Fifty one of 128 respondents to the poll – which ran on the C+D website from January 22 to March 18 – said they had either seen or had evidence of patients doing this, although 77 (60%) said they have not witnessed stockpiling in the run-up to Britain leaving the EU.
The Department of Health and Social Care (DH) said healthcare providers should advise patients that “the government has plans in place to ensure a continued supply of medicines to patients from the moment we leave the EU. Patients will not need to and should not seek to store additional medicines at home”.
However, medicines stockpiling has been highlighted in the national media, and a survey this month from finance provider Premium Credit of 1,158 consumers revealed that 17% have started stockpiling either food, drink or medicines. Of these, 63% confessed they were storing extra medicines.
Brexit changing patient behaviour
Olivier Picard, owner of Newdays Pharmacy in Berkshire, told C+D yesterday (March 18) that patients are generally sensible on this issue, but said fears over Brexit shortages are influencing behaviour.
“Most patients do not stockpile medicines,” he stressed. “That said, last week a lady came to order her repeat prescription only a couple of weeks after receiving the last supply. She told us that she was ordering early in case we weren’t able to get her medication after Brexit.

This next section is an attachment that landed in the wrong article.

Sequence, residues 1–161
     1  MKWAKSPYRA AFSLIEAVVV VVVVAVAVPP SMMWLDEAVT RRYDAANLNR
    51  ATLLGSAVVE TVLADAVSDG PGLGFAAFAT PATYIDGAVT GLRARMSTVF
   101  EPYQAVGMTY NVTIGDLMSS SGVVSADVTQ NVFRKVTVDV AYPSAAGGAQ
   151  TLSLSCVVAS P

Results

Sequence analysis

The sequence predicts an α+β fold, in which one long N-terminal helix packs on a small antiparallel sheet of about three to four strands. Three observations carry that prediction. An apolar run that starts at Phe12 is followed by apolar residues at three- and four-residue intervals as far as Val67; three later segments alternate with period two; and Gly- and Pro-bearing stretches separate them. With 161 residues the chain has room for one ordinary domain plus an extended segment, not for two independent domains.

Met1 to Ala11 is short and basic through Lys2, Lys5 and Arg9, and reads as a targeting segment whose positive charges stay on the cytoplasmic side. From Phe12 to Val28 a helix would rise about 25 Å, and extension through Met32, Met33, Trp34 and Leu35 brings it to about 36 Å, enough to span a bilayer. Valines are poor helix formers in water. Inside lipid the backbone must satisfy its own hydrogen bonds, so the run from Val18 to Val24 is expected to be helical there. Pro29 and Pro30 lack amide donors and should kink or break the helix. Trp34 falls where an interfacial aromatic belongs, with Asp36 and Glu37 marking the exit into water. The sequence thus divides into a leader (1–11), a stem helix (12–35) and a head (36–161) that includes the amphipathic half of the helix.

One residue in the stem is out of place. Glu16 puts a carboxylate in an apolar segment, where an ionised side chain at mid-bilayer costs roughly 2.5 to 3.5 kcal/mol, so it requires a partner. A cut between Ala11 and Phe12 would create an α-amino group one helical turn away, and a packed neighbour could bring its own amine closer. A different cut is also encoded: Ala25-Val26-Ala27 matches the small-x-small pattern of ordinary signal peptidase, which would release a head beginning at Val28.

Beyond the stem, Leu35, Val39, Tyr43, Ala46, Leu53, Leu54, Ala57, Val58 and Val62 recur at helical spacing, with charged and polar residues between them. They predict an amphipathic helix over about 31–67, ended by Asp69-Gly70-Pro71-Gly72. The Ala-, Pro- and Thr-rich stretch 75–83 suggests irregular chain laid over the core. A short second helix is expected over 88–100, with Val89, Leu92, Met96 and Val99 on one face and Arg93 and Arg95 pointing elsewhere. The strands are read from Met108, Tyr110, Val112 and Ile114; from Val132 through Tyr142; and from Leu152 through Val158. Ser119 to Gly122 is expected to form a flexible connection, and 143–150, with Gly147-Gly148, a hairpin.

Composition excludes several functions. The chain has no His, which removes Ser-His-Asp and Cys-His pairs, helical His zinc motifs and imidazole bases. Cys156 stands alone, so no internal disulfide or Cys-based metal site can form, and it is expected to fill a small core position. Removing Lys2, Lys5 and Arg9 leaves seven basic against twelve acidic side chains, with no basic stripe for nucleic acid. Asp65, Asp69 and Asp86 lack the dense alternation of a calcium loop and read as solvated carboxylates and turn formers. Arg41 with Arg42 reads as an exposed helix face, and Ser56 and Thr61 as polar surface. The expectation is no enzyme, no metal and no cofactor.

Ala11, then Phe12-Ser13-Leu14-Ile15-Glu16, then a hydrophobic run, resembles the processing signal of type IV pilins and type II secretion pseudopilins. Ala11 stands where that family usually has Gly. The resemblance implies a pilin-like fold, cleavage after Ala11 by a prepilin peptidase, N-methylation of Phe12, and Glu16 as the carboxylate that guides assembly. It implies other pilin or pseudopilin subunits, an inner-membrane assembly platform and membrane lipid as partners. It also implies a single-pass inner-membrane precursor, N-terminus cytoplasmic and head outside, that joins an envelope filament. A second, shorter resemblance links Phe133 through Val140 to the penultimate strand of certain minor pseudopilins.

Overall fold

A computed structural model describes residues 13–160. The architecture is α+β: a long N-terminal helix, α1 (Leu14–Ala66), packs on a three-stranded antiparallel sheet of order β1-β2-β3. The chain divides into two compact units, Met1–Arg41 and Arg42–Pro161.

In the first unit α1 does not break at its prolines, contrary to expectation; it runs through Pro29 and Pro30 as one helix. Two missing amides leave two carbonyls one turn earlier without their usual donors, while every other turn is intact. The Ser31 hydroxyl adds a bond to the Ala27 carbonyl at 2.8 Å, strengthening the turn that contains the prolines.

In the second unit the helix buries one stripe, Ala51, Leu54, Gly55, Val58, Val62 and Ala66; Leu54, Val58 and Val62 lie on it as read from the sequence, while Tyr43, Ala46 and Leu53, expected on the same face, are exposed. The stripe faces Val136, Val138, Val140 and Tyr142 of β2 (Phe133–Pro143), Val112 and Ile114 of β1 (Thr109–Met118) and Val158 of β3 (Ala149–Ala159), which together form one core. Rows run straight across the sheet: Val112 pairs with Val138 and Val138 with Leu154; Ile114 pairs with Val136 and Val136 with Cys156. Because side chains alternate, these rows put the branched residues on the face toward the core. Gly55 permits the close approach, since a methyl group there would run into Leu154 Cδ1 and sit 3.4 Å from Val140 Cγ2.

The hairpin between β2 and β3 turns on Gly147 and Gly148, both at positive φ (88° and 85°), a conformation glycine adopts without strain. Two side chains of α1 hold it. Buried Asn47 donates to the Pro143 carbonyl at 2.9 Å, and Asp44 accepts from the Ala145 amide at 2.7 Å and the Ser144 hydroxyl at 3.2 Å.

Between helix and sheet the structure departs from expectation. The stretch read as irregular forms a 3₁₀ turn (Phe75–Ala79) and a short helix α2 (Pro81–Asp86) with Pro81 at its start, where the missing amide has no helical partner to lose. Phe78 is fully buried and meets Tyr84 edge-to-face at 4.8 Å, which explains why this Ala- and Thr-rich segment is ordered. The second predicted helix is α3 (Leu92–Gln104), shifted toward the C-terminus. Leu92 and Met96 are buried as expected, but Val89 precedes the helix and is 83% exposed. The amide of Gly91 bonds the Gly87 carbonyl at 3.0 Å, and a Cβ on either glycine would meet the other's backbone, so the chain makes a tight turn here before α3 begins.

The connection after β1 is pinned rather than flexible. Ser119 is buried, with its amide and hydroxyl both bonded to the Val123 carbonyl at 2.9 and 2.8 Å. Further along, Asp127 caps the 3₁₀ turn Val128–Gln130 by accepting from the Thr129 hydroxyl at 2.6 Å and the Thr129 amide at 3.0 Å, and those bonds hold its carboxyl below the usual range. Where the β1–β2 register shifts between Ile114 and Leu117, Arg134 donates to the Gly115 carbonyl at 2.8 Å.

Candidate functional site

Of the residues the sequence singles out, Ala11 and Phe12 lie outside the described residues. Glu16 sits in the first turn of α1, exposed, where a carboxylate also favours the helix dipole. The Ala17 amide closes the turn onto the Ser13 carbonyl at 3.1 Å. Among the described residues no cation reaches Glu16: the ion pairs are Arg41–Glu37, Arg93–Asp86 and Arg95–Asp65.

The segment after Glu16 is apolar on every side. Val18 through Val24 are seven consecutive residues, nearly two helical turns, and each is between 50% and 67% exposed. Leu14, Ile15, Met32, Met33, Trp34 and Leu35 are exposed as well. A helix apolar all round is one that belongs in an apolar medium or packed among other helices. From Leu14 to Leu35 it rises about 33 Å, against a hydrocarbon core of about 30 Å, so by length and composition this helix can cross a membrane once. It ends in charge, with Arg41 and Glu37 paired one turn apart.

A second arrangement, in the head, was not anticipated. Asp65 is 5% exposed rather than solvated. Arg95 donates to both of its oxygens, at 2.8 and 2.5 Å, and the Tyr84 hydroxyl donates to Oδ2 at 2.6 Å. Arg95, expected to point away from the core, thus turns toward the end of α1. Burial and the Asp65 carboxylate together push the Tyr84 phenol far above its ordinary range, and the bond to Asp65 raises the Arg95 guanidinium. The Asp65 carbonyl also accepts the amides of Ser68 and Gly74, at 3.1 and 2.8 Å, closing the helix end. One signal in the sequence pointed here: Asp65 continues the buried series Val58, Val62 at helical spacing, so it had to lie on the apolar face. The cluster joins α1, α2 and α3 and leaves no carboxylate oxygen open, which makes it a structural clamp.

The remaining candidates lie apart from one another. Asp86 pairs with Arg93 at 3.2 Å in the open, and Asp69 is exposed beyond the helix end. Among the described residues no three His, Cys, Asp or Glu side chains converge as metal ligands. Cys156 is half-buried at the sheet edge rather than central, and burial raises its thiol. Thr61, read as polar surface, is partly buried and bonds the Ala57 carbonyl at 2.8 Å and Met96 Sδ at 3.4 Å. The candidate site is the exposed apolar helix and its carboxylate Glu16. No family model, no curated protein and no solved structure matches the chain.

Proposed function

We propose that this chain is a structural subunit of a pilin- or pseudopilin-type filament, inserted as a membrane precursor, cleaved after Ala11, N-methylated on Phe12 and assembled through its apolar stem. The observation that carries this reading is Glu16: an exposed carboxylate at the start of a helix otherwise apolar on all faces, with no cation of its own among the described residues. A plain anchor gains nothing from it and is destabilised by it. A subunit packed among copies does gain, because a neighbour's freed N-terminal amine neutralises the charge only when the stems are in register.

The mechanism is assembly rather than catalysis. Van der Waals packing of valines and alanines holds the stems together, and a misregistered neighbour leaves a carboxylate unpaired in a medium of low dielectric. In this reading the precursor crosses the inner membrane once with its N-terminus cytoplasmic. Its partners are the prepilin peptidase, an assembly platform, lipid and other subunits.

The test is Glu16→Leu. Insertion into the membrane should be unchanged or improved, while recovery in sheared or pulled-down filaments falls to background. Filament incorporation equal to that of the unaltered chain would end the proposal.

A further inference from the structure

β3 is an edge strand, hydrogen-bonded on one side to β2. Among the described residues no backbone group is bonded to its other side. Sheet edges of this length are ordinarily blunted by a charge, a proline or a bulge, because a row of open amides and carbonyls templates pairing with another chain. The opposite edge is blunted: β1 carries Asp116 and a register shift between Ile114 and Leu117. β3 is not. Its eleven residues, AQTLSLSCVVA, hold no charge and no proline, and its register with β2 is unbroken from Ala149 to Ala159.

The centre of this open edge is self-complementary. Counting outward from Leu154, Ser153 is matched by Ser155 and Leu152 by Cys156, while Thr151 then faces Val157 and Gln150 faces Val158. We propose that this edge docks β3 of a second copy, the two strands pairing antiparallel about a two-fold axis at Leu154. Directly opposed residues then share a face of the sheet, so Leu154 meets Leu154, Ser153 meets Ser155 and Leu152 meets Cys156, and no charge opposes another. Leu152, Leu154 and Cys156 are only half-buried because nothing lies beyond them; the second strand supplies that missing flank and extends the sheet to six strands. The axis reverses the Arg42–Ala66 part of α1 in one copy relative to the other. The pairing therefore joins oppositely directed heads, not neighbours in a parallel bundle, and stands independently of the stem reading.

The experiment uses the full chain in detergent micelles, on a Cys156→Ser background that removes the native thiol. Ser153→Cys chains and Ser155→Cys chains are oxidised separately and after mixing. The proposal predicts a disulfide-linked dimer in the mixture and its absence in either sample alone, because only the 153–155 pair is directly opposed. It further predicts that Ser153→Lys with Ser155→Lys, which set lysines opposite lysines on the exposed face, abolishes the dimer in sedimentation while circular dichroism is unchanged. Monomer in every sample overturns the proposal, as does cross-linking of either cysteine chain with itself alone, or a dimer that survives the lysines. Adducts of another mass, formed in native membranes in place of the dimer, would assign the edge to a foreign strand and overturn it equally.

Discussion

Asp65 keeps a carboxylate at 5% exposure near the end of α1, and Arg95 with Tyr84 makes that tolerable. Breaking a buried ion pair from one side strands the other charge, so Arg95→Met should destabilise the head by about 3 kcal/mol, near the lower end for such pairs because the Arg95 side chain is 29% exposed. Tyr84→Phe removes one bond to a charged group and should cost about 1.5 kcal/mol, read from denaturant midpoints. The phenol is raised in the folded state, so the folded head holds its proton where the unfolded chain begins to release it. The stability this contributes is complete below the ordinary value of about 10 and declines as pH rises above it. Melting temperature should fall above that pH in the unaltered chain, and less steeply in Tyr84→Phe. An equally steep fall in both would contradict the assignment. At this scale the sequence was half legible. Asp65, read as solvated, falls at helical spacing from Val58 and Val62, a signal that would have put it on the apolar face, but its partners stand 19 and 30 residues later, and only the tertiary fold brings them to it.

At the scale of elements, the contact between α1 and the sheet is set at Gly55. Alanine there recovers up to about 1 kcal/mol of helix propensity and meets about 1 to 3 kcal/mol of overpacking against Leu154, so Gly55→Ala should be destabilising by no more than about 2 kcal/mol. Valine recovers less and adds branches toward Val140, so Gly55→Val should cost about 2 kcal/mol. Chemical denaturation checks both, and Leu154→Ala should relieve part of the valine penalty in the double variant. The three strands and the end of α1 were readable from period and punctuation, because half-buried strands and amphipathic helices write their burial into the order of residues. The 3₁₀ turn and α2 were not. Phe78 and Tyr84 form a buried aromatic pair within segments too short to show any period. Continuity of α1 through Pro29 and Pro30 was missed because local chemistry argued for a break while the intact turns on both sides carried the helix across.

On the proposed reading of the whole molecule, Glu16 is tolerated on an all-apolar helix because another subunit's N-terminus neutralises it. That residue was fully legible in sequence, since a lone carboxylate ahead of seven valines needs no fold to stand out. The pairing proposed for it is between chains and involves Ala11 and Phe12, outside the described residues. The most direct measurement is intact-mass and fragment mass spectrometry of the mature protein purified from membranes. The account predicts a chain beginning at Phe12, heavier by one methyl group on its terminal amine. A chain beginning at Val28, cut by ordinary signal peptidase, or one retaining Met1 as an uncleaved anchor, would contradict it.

“Only today, another patient asked me whether there are any supply issues with insulin, because he was worried that as a type 1 diabetic he may not be able to get his prescription fulfilled promptly after Brexit,” Mr Picard explained.
Kate Adjei, manager at Nories Pharmacy in Horsham, West Sussex, said she had not seen patients stockpiling drugs, but agreed the uncertainty over Brexit has created anxiety, which pharmacists are doing their best to allay.
“A few people have mentioned putting their repeat requests for medication in a week earlier to help build up their reserves, but it hasn’t been excessive,” she told C+D.
“People trust us – most of the time – to get their medication and we keep them updated about the current shortage.
“Rather, what is happening on a weekly basis is people coming into the pharmacy to ask us how Brexit will affect the supply of the medication they are taking. To those questions and concerns we simply can’t answer, but we will always try our best,” she added.
Shortages powers are “good news”
Mr Picard welcomed the new shortages powers, which will allow pharmacists to dispense an alternative in accordance with a “serious shortage protocol” that could be announced by the government – rather than the prescription and without contacting the GP – in the event of a national medicines shortage.
The powers are “good news”, he said, “because it should make it easier to ensure patients get their medicines in a timely fashion”.